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The terminology ‘a clean break’ means that parties to a marriage/civil partnership will have no financial ties against each other once the order has been approved by a judge and once a decree absolute has been pronounced.

When parties are married or in a civil partnership, they have financial claims against each other’s assets; such financial claims include claims against each others income, capital, property, pensions and inheritance. These financial claims can remain open even after the parties are divorced if they are not formerly dismissed by way of either an order by consent or an order imposed by a court in contested family law proceedings.

The court has a duty to consider in all cases whether it is appropriate to exercise its powers so that the financial obligations of each party towards the other will be terminated as soon after the grant of a decree absolute or final order of a civil partnership. As to whether there should be a complete clean break is dependant upon the circumstances of each case.

In the event a party is ordered to pay periodical payments (spousal maintenance) to the other spouse or civil partner, then a court must decide whether the periodical payments should be paid for a limited time only and defer the clean break. The principle to be applied is to identify a point in time, as in the opinion of the court, to be sufficient to enable the party in whose favour the order is made to adjust without undue hardship to the termination of his or her financial dependence on the other party.  Such points in time are often referred to as ‘trigger events’ which sets out dates upon when periodical payments end which could include:

  • Remarriage of the spouse or civil partner receiving the payments;
  • Death of either party (but an insurance policy can be set up to protect payments in the event of the paying party’s payments);
  • The youngest child attaining a certain age (usually age 18) or ceasing full time education which ever is the later date.
  • Upon a further court order.

It is upon one of the trigger events above that the spousal maintenance claim will be dismissed achieving a complete clean break.

Another option to dismiss a periodical payment order would be to capitalise the future payments. This would only be suitable if the paying party had the capital to capitalise.  Therefore, if as an example the paying party came into some money (won the lottery or inherited capital) and they were paying a fixed amount per month over a period of time, they could capitalise the payments and offer a lump sum payment to create a complete clean break and a dismissal of the periodical payment claim.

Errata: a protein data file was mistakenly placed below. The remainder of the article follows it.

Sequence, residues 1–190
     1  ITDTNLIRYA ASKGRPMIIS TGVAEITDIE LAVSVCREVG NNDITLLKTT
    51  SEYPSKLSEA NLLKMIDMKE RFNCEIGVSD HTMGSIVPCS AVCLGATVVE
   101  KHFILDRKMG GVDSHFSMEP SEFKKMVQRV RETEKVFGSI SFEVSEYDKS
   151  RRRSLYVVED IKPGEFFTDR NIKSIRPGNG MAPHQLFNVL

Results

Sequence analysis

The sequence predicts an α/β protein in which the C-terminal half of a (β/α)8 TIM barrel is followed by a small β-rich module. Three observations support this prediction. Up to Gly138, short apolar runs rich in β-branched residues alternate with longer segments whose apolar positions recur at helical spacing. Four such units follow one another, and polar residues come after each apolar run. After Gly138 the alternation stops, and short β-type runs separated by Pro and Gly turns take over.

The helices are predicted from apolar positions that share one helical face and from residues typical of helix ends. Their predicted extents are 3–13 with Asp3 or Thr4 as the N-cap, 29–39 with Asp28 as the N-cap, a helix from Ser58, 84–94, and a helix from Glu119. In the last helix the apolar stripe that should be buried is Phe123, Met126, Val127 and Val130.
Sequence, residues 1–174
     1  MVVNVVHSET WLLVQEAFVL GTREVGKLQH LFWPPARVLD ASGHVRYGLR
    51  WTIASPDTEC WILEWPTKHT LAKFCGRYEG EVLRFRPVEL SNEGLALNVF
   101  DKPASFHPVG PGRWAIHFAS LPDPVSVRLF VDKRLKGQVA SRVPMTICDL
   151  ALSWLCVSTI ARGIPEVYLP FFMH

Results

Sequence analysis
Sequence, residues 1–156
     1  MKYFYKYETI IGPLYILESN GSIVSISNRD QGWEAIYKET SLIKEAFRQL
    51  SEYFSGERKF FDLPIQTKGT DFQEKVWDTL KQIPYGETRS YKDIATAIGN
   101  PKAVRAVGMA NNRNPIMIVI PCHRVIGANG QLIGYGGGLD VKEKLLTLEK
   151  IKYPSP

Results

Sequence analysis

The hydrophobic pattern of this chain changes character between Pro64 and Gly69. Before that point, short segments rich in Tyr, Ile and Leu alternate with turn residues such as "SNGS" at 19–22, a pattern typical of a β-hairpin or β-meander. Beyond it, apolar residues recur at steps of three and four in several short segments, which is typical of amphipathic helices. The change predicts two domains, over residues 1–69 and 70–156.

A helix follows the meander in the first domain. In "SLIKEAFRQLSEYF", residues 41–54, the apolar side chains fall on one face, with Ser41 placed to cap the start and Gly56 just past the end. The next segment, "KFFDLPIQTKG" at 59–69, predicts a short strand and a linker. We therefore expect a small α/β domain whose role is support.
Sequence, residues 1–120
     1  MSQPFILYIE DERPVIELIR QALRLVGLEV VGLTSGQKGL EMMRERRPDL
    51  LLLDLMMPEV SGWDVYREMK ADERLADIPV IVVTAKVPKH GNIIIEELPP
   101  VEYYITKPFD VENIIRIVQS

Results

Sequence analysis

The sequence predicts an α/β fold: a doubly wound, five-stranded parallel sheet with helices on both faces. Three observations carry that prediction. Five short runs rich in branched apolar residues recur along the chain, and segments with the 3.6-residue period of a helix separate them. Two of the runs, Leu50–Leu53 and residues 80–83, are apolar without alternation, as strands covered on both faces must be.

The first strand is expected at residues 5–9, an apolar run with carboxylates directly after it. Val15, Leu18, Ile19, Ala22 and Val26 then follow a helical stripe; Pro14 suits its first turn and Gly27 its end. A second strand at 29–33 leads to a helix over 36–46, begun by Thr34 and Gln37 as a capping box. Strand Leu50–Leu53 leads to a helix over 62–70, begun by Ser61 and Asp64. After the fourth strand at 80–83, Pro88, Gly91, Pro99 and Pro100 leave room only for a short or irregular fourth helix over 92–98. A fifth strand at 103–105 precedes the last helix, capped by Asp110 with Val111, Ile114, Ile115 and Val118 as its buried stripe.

The courts encourage spouses and civil partners to gain financial independence from the former spouse/civil partner, if at all possible, as soon as practicable. In many cases achieving an immediate clean break is possible but it can be difficult to achieve an immediate clean break where there is limited income and/or young children.  Therefore, in a situation where a married couple has no disposable assets but they have young children together, a court will most likely insist on keeping spousal maintenance claims open.  This is to protect the person with day to day care of a child in the event of an illness or accident meaning that they cannot financially cover their day to day living costs without asking the former spouse or civil partner for further financial assistance (providing of course they have the ability to pay).  There will still be a trigger event to dismiss the live spousal maintenance claim, such trigger events are similar to those quoted above.

Where there is an order of limited duration but the order contains no provision dismissing the right of the recipient to seek an extension of the term, provided the application to extend the term is made during the life of the original order, the court will retain jurisdiction to hear the application, even if the hearing takes place after the order has expired. Therefore, this could mean that the recipient could extend one of the trigger events, perhaps until a child has finished University.

The financial obligations towards children are totally different to the financial obligation towards spouses or civil partners. The obligation to pay child maintenance is governed by the Child Maintenance Service (in most cases) and the obligation to pay child maintenance continues despite the parties to the marriage achieving a clean break.

The contents of this article are intended for general information purposes only and shall not be deemed to be, or constitute legal advice. We cannot accept responsibility for any loss as a result of acts or omissions taken in respect of this article. For advice regarding property purchases, please contact Paul Davies on 01329 232314 or by email info@awdlaw.co.uk